Article Type Making Art Together Making Art Together Categories Drawing Nature Painting

Meadow Inspiration

Meg Nicoll

Last summer saw the opening of Bobbie’s Meadow, a multi-use space that is a tribute to Eric Carle’s late wife and co-founder of the Museum, Barbara Carle. The space offers a wonderful opportunity to connect people, nature, and art.  As we transitioned from winter to spring, we were excited to see what this first full year of the meadow would bring.

Guests walk around Bobbie's Meadow along a paved path and point to the trees above.
The meadow itself sits among apple trees, is planted with native wildflowers, and will mature over many years. In talking to the specialists who planted the meadow, we came to understand that in order to help care for our meadow, as a space for education and enjoyment, we need to spend time getting to know more about the ecology of the space. So this spring and summer, we are inviting guests to help us explore and document the meadow to gain insight into what is growing and living there. Beyond providing wonderful inspiration for art-making, our documentation project will also help inform future decisions about how to care for and program within the meadow.
Beginning in late April, we took photographs of the Meadow, and already we can see a remarkable change just in one month.
A purple scilla flower growing out of the ground.
One of the first plants we noticed was a blue flower. We learned that it is in the genus Scilla and grows from bulbs. These blue flowers will be among the first to appear in the Meadow each spring. This photo of a Scilla flower was taken on the 21st of April this year.
A cluster of apple blossom buds on a tree branch.
Soon after the Scilla appeared, we saw buds and new leaves on the apple trees. We had lots of rain this spring, as was captured in this photo from the 3rd of May.
A bluebird hanging onto the edge of a broken apple tree.
Art Educator Sara got a photo one of the bluebirds living in the meadow, we think that a pair are nesting in the trunk of this apple tree. We often see them flying through the meadow and perching on branches in the mornings.
A foamy cluster of bubbles created by a spittlebug attached to a thin stem of a red plant.
As the grasses grew tall towards the end of May, we saw evidence of more meadow residents, such as the spittlebug, named for this nest of bubbles it creates. We learned that the spittlebug is the nymph stage of the froghopper, and this is where it lives as it grows into the adult froghopper.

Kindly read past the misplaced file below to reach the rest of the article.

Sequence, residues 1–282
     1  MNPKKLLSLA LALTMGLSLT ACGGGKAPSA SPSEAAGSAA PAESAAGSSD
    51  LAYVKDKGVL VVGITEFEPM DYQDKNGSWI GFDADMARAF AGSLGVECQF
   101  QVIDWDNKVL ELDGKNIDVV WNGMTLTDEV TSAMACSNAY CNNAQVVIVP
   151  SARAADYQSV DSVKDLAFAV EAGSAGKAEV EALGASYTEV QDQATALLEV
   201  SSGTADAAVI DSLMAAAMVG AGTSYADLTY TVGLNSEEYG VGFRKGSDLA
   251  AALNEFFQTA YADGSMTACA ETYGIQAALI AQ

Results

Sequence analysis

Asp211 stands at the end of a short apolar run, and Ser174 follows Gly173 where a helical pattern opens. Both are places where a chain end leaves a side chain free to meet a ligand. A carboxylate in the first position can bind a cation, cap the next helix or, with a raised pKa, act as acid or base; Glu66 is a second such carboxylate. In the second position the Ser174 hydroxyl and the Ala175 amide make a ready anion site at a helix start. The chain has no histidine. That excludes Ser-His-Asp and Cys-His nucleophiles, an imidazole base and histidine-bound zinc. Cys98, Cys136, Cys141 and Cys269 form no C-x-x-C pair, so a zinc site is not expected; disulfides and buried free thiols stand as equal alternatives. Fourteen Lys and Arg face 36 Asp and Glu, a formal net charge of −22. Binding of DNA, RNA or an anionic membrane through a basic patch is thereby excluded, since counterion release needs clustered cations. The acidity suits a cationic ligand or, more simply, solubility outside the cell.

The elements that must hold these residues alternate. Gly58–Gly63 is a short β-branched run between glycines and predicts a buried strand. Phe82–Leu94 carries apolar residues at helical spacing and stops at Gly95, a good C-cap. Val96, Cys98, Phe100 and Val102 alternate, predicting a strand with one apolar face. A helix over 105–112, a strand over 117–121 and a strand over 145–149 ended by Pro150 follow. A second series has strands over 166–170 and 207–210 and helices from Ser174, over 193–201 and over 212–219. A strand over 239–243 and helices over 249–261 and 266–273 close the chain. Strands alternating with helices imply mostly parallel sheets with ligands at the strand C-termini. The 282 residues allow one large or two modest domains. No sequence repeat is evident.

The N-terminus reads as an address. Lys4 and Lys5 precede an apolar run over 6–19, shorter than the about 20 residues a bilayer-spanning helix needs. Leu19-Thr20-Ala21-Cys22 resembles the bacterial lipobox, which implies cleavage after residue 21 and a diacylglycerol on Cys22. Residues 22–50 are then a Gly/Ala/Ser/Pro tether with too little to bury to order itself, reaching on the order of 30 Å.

A cluster of mushrooms on a mossy apple tree.
We also discovered this striped, shell-shaped fungus growing on the apple tree bark. We haven’t identified it yet!
An array of colorful watercolor paintings of Bobbie's Meadow and a brainstorm sheet with things that were noticed in the meadow space.
While we have been taking photos and recording what we see, visitors are also helping us document what is happening in the meadow. A school group created these paintings of the meadow during a Nature Narratives program in May. In this program, Educators help classes record what they see in the meadow during an inspiration walk, and then students explore watercolors to create their own meadow painting. The students took their watercolors home with them, but kindly let us photograph what they made before the end of their visit.
A red bag next to a clipboard with a meadow scavenger hunt, a magnifying lens, and a meadow observation drawing.
We want to provide a platform for visitors to continue to contribute to the meadow documentation project throughout the summer, so we have made observation kits to borrow from the Art Studio. These kits contain drawing tools, a magnifier, ruler, viewfinder and observation sheets with games and suggestions of different ways to collect information about the meadow. We hope that these kits provide a fun and interesting way for visitors of all ages to explore the meadow and share what they find there. As more observations are collected, we will add them to a collaborative installation in the Art Studio where we can share artwork and information with everyone who visits the museum.
A bumble bee getting pollen from an apple tree blossom.
Because the meadow is growing and home to a variety of animals, including bees and ticks, we ask that all observations take place from the meadow walkway or the mown section of grass in the orchard. This will help keep ourselves, as well as the plants and animals of the meadow, safe. We hope that lots of people can join us in observing, learning, and creating art inspired by the meadow this summer.


Meg smiling in the Art Studio.

Meg Nicoll

Art Educator at The Eric Carle Museum of Picture Book Art from 2016 to 2023, Meg enjoys working with artists, educators, and people of all ages to create opportunities for art-making.
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